Uganda and Your Senses

There is a lot to see, hear, and feel in this country. Sometimes it feels like an assault on all your senses, and sometimes it feels like the most serene state you could find yourself in. Here's a few snippets of what you might expect to experience (the good and the bad) during your stay in the Pearl of Africa.

What You'll See...


Yes, there's no doubt you'll see poverty, illness, hardships and a lot of other needs when you look around. The needs are great, but if you get too caught up in them it could be the only thing you see. If that's happens, you'll miss out on the rest of the story.


You'll also see an immense resilience, an overcoming of struggle, a strength that almost glows inside the people here. You see it most in the most beautiful of smiles - one that comes from a true understanding of deep joy in the midst of suffering.


The plants are green, the dirt is red, and the Ugandans are all about bright colors. If they're not wearing them they're on every sign, building, and storefront you'll see. Bright colors are on trend in Uganda. Neutrals only happen when there's not other options.


You can't go to Uganda and not see the sunshine.  But the sunsets are breathtaking.  Just like Ugandans, its filled with brighter oranges and pinks than in other parts of the world.  Sometimes its magnified by the dust floating in the air, giving a picture of beauty in the midst of something dirty.


Rain storms and dry heat storms are a staple here most months out of the year (except December-March).  If you're from somewhere that rarely has storms (like the Pacific Northwest) you'll be both amazed and maybe terrified by the power and strength witnessed in the center of these storms.


There is a lot of beauty to see in Uganda.  It's green, lush, tropical, open, mountainous, and I'm pretty sure the sky is bigger than anywhere else in the world.  You can see the stars and Milky Way when power goes out in town.  You can see landscape, nature, and raw life almost everywhere you go.  The people are stunning, their smiles are contagious, and its a beautiful place to behold.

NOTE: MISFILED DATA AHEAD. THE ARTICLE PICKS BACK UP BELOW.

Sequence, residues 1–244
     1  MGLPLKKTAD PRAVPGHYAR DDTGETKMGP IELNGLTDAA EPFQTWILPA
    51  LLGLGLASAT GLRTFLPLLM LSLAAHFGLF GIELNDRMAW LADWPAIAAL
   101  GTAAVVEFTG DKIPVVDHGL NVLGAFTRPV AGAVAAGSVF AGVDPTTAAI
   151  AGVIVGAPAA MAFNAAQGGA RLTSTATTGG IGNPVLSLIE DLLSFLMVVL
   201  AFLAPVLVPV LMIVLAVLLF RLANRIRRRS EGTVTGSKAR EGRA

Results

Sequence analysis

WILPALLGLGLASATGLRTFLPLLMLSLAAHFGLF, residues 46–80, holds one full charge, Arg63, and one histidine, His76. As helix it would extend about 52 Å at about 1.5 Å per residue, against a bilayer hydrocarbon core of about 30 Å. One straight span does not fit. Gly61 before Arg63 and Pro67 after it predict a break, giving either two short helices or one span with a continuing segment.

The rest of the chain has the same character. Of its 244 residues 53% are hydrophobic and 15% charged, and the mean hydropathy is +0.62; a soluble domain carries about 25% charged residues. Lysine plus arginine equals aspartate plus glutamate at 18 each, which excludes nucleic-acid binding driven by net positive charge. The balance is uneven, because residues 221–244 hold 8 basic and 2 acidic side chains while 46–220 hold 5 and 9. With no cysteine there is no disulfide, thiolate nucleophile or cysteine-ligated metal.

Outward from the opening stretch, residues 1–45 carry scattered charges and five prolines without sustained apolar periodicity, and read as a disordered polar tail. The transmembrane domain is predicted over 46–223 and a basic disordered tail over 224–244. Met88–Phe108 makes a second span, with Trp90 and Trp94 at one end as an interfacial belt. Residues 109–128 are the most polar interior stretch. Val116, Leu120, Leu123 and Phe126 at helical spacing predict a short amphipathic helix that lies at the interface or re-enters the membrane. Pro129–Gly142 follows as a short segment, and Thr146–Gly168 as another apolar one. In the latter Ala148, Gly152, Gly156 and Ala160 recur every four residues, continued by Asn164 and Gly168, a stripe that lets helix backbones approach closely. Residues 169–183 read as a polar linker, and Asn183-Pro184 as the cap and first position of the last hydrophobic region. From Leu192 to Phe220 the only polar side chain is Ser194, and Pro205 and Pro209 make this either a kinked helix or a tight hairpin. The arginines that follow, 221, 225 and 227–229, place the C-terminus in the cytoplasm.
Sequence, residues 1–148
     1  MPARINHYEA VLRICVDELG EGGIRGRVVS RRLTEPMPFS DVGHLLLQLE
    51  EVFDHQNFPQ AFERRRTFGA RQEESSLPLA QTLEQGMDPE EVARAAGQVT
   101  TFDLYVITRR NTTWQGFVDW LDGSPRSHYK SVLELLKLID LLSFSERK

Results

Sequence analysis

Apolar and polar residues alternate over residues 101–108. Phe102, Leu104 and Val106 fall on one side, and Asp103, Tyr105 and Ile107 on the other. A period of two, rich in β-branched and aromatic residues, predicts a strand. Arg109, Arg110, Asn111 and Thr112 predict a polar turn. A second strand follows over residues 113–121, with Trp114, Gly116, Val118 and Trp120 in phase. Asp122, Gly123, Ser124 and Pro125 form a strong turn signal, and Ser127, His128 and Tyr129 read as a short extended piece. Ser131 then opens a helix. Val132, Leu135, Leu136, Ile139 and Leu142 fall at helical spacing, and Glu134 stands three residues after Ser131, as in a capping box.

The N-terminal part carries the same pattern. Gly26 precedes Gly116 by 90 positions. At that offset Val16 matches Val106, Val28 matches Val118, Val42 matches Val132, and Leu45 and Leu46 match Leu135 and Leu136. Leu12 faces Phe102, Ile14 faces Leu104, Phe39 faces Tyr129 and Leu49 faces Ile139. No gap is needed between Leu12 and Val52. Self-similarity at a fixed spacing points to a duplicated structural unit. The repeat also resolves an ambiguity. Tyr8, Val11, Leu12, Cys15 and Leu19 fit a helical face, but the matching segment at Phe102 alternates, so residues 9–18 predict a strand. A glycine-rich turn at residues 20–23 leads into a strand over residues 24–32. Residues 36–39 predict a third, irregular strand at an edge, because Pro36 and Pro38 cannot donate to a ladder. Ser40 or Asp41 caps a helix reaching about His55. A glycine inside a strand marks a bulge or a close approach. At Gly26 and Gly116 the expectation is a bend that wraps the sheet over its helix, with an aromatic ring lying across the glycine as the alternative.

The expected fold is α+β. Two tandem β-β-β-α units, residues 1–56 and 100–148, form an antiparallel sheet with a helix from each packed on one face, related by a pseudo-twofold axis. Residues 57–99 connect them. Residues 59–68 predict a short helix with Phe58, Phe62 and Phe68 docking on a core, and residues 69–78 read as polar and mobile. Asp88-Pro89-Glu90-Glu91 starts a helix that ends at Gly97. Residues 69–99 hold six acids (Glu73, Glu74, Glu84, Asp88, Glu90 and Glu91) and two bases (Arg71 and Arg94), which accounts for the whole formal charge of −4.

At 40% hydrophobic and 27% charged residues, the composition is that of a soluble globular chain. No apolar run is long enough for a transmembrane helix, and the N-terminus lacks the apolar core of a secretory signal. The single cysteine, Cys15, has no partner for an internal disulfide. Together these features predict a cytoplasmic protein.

What You'll Hear...


There are over 1,000 different species of birds that have been recorded in Uganda.  That's not a typo...1,000 different types of birds.  They're all different sizes, and sing all different songs (some beautiful and some that sound like they're laughing at you).  The loudest among them of course, the rooster.


I couldn't even tell you what kind.  There's too many, and I've never been curious enough to hunt for the sources.  But you'll definitely hear them.  Some of them sound like birds, but they're actually giant tree bugs.  Some of them sound like frogs, and probably are frogs.


Avril Lavigne, Shania Twain, worship songs, pop hits, and African R&B with some backstreet boys sprinkled in.  Since there's no noise restrictions here people do as they please including neighbors playing music like they're the hottest night club until 6am.  (Choose your neighbors wisely.)


Don't be surprised when you get a honk or two.  Honking is a very communicative road practice here, and is used in a variety of different ways - none of which include road rage which is quite rare here.


Ugandans love to laugh, and you'll be better off if you can laugh at yourself because they'll certainly find reasons for expressive laughter at the funny foreigner who can't tell which bill is which. Laughter at someone is not disrespectful or condescending and you'll have a lot more fun if you laugh with them.

What You'll Smell...


Raw life

As soon as you get off the plane, you'll notice the smell is different.  Some say it smells like dirt.  You'll smell that too, because there's a lot of it in the air.  But there's an authenticity to it, a genuine raw life you can smell right away.


Let me be clear, Ugandans are very clean, hygienic, and well kept.  I will never understand how they walk through mud and their shoes remain spotless.  But it's hot and humid here, most of them do manual labor, and natural body odor is hard to avoid especially when deodorant use is rare.  Please be considerate, humble, and kind about this.


The thunder and lightning storms here dramatically change the smell of the whole area by washing away some of the dust in the air.  The smell after a good rain is very refreshing.


Along with other market smells, market items don't come in sealed containers like we're used to.  Everything is out in the open, which means the smells mix with each other, the strongest of which is of course the fish section of the markets.  Don't say I didn't warn you.


There is so much life all around you, whether its grass, bushes, trees or other tropical vegetation, the green life here certainly adds to the smell around you in the best ways possible!

What will you feel?
dirty -
bumpy - 
touching - people
warmth - ok so maybe its just humidity but you rarely get cold in this country.  The warmth is everywhere as most places don't have A/C.  It's actually much easier on your body to adjust to the heat fully rather than move in and out of hot and cold.
mosquito bites - 
What will you taste?